I just finished reading Charlotte Bronte's last novel, Villette. Would I recommend it? Not really. I much prefer Jane Austen's novels, all seven of which I just finished a couple of weeks ago. I did pick up some weird new vocabulary words from Villette, though. Here they are:
- Hebdomadal, which means weekly, as in "Lucy hadn't had time for her hebdomadal bath. She wondered that Dr. Bretton declined her offer of tea." (I just made that one up; it's not a direct quote from the book. The book is much, much wordier.)
- Contumacity. Merriam-Webster Online only had a definition for contumacy, which means stubborn resistance to authority. If I hadn't seen it in a novel written in the 1850s, I'd swear that one was invented to describe Kelly.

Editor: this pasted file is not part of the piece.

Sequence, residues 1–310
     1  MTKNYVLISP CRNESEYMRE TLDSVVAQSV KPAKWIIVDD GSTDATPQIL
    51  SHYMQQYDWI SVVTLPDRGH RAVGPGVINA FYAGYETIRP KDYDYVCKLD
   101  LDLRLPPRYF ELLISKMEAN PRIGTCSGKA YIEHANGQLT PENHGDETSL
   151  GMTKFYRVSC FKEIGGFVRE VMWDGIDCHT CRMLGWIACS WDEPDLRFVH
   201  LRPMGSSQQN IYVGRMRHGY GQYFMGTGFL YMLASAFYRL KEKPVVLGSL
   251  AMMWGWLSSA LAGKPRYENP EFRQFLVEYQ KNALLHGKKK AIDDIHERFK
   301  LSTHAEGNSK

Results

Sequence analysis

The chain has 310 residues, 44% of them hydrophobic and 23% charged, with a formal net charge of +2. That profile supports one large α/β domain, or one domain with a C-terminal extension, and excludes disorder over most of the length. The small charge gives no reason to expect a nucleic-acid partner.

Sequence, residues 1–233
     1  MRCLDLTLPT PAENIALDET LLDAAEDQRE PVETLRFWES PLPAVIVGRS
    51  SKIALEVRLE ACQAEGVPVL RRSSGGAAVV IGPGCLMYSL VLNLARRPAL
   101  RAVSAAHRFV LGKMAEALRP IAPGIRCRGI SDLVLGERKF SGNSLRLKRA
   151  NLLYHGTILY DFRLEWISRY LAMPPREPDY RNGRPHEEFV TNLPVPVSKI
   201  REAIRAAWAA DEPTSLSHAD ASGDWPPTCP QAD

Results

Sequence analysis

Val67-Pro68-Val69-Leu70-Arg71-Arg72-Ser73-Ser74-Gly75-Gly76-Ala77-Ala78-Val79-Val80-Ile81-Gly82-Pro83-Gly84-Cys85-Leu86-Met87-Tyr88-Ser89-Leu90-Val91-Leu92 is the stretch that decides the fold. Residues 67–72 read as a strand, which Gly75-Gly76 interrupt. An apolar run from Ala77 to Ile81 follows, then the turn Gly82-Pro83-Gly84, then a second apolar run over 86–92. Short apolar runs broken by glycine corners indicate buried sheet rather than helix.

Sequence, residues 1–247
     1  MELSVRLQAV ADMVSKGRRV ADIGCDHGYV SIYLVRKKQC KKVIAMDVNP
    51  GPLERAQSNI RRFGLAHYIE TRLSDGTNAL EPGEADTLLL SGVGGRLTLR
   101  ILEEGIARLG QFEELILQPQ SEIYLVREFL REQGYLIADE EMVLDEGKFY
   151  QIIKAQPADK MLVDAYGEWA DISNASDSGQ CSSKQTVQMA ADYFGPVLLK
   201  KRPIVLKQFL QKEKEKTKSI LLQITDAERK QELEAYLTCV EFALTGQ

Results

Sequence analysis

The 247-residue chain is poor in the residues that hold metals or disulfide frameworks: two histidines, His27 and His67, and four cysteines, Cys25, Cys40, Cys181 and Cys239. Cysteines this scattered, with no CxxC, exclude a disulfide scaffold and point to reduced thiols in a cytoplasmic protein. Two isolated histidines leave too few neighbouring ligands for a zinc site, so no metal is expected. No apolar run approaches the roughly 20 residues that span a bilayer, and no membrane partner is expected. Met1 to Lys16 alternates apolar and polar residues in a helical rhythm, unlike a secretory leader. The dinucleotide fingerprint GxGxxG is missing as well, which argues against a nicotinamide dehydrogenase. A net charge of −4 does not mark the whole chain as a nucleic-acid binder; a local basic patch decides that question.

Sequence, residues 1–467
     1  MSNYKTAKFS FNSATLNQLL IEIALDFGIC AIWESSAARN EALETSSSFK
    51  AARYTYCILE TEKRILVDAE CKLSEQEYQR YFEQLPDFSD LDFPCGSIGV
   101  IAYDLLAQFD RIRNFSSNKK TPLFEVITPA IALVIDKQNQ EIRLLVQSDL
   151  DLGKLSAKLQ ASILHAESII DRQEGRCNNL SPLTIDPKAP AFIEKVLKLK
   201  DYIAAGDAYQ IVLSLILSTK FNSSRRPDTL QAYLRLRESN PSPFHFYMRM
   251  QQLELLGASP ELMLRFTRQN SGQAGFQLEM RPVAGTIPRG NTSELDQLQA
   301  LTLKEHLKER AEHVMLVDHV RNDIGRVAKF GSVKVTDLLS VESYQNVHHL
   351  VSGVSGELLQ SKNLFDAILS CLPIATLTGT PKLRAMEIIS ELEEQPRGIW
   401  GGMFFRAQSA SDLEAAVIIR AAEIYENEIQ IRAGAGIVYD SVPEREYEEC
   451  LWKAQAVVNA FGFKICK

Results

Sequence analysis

- Condign, which means deserved or appropriate, as in "condign punishment". Why couldn't she just write "appropriate punishment"?
- Collyrium, which means eyewash. Somehow, this word comes from the diminutive of kollyra, Greek for a roll of bread. How on earth did we ever get from breadroll to eyewash?
- Palsp. I think this may have been a typo because I couldn't find it anywhere online. It's kind of a cool word, though - don't you think? It could mean the sound a cat makes when he's coughing up a hairball. "Kathie was startled awake by a palsp in the other room. Might Pork Chop have accidentally swallowed the new kitten? Che was nowhere to be found..." (Hey, believe me, that's as believable as the plot of Villette - maybe more so after this weekend's cat perch incident.)
There were more weird words, but I didn't start marking the pages - so I could go back and find them later - until I was more than half way through the book. I'm not rereading the first half to locate the ones I missed now. Someone else read it and let me know, ok?